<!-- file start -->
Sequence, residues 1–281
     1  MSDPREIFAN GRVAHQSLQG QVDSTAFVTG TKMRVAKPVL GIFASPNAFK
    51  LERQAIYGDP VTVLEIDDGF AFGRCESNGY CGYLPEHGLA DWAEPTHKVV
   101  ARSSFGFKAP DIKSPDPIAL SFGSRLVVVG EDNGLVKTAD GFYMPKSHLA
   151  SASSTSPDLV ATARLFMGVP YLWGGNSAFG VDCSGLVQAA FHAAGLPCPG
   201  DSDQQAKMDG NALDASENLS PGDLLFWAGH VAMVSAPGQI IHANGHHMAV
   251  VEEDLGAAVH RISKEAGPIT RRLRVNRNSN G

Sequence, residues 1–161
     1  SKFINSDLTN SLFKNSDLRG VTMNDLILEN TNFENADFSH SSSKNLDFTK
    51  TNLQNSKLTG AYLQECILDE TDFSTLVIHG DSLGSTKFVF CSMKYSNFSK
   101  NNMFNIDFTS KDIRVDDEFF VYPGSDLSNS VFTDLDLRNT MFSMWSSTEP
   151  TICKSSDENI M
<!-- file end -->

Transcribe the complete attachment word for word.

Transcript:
Sequence, residues 1–281
     1  MSDPREIFAN GRVAHQSLQG QVDSTAFVTG TKMRVAKPVL GIFASPNAFK
    51  LERQAIYGDP VTVLEIDDGF AFGRCESNGY CGYLPEHGLA DWAEPTHKVV
   101  ARSSFGFKAP DIKSPDPIAL SFGSRLVVVG EDNGLVKTAD GFYMPKSHLA
   151  SASSTSPDLV ATARLFMGVP YLWGGNSAFG VDCSGLVQAA FHAAGLPCPG
   201  DSDQQAKMDG NALDASENLS PGDLLFWAGH VAMVSAPGQI IHANGHHMAV
   251  VEEDLGAAVH RISKEAGPIT RRLRVNRNSN G

Sequence, residues 1–161
     1  SKFINSDLTN SLFKNSDLRG VTMNDLILEN TNFENADFSH SSSKNLDFTK
    51  TNLQNSKLTG AYLQECILDE TDFSTLVIHG DSLGSTKFVF CSMKYSNFSK
   101  NNMFNIDFTS KDIRVDDEFF VYPGSDLSNS VFTDLDLRNT MFSMWSSTEP
   151  TICKSSDENI M